Robert Griffin-Nolan
Speaker's Institution
Santa Clara University
Bio 136
Mixer Time
Mixer Time
Calendar (ICS) Event
Additional Information

Grasses are a highly successful family of plants (Poaceae) with > 11,000 species worldwide. They are the dominant growth form of grasslands, which cover 52 million km², or roughly 40% of Earth’s terrestrial land surface, and make a substantial contribution to the terrestrial carbon sink. Humans are heavily dependent on grasses for food (e.g. cereal grains), building materials (e.g., bamboo), and forage for livestock. Despite their ecological, economic, and cultural importance, grasses have received relatively little attention in the field of plant functional traits. Plant traits are useful for understanding how species respond to environmental change and influence ecosystem processes. Much of our understanding of how plant traits respond to their environment stems from interspecific comparisons, although traits can vary significantly within species. In this talk, I will explore both local and global patterns of intra-specific trait variation of grasses.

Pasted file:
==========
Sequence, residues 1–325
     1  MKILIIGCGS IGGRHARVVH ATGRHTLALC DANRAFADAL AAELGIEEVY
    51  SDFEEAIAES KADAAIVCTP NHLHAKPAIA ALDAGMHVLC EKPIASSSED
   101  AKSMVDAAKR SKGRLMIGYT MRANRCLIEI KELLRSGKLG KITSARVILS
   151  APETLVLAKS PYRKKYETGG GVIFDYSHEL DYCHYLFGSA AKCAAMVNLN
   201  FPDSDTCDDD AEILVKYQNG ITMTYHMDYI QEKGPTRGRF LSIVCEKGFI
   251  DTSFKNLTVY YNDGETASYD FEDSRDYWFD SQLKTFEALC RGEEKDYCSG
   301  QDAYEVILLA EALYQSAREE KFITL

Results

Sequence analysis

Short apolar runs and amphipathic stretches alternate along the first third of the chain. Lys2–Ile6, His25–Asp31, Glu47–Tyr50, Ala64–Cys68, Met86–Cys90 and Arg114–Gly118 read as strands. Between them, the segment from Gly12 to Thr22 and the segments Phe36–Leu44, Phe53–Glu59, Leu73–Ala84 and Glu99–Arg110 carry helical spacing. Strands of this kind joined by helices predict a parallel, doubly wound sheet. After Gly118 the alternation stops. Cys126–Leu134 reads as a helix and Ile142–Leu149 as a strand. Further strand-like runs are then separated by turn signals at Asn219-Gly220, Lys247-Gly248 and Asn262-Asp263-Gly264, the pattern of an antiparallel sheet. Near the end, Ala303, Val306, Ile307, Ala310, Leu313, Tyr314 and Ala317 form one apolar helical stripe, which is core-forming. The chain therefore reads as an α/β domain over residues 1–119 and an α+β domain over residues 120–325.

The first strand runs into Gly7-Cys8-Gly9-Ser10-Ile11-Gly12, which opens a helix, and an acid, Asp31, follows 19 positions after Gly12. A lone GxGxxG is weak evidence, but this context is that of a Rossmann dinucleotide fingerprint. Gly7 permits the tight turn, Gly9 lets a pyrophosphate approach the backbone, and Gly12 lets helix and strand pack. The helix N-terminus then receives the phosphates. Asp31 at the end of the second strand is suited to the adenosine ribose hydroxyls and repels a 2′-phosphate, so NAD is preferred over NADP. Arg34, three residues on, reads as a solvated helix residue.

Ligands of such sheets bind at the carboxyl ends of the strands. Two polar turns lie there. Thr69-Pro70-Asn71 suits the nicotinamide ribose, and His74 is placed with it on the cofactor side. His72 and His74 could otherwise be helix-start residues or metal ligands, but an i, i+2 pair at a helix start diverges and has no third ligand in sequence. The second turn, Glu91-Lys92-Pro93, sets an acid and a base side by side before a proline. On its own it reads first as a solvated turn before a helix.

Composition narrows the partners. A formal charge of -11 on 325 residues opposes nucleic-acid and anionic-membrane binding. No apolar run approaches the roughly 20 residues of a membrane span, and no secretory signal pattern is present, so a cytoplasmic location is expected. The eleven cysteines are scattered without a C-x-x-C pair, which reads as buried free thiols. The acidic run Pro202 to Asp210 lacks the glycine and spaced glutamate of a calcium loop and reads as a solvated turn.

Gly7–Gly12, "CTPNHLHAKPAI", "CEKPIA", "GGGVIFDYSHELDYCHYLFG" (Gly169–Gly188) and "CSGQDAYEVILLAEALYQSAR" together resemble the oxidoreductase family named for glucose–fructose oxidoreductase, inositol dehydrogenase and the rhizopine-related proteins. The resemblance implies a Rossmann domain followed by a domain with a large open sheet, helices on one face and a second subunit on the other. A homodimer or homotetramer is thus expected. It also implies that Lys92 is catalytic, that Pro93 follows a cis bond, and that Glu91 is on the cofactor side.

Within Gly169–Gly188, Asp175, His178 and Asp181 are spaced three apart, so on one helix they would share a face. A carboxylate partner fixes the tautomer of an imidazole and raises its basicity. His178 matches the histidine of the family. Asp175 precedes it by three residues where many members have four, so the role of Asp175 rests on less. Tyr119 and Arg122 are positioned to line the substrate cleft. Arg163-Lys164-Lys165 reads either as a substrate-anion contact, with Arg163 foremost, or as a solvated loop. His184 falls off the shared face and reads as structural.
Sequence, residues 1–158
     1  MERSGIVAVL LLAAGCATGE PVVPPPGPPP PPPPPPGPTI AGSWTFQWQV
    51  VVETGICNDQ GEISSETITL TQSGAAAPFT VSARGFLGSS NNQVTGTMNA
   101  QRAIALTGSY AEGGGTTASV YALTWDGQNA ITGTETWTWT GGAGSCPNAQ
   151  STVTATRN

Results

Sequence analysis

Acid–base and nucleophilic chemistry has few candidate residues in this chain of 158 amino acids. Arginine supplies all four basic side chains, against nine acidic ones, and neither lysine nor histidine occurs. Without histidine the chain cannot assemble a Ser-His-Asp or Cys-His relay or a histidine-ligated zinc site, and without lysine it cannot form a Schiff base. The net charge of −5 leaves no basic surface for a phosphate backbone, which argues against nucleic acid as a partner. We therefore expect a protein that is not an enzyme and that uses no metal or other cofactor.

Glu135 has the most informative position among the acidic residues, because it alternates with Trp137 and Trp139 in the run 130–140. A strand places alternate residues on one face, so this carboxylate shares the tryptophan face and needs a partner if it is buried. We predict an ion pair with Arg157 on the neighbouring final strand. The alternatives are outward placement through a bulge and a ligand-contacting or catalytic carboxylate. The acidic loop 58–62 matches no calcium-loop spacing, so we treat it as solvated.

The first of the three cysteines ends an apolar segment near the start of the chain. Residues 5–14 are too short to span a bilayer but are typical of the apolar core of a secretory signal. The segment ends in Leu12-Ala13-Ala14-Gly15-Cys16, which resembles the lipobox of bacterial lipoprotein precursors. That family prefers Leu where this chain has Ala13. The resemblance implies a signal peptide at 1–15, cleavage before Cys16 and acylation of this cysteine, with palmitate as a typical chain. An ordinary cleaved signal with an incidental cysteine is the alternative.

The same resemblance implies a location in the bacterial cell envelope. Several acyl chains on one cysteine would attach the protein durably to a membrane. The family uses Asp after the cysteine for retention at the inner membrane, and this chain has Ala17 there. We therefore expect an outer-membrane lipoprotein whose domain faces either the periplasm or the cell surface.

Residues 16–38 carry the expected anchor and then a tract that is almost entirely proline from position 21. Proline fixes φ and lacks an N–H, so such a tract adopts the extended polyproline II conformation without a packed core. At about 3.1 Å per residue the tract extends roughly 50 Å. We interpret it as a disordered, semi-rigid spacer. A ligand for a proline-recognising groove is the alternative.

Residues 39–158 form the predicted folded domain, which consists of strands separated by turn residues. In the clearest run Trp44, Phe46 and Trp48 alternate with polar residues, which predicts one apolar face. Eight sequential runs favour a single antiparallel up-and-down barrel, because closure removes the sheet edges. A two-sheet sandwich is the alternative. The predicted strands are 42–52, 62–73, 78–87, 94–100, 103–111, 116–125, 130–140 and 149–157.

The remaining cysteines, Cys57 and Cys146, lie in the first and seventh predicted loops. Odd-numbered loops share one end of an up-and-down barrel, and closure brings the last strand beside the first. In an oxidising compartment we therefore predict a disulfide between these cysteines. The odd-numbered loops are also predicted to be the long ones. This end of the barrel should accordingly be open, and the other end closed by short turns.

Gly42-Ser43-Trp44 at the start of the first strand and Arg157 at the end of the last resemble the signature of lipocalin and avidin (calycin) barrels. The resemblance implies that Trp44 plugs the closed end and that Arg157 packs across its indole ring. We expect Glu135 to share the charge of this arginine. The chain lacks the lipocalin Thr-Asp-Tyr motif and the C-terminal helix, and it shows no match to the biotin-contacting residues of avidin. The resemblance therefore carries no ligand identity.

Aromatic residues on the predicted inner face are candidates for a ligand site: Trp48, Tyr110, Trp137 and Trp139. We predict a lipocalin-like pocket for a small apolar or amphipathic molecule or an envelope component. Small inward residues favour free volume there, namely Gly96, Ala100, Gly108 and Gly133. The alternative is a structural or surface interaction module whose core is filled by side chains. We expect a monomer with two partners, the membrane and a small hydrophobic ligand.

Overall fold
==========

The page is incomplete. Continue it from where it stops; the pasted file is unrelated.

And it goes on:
In local grasslands of the San Francisco Bay Area, I measured the relative abundance, maximum height, and specific leaf area (SLA; leaf area / leaf dry mass) of 19 grass species across 117 unique plots spanning a steep precipitation gradient. Using this dataset, I show how traits can be predictive of an individual’s abundance and vice versa, and that these relationships depend on biotic interactions more than climate. I then added these data to a global dataset of grass traits spanning six continents to explore variation in trait-climate relationships worldwide. Overall, I find that traits do not respond consistently to either temperature or precipitation. However, while intraspecific trait-climate relationships may at first appear idiosyncratic, variation in the magnitude (i.e., slope) and direction of trait-climate relationships is linked to a species’ lifespan and its typical form and function. Finally, I discuss the utility of these trait-climate relationships for training predictive models of trait variation, particularly in regions that are not easily accessible for field work.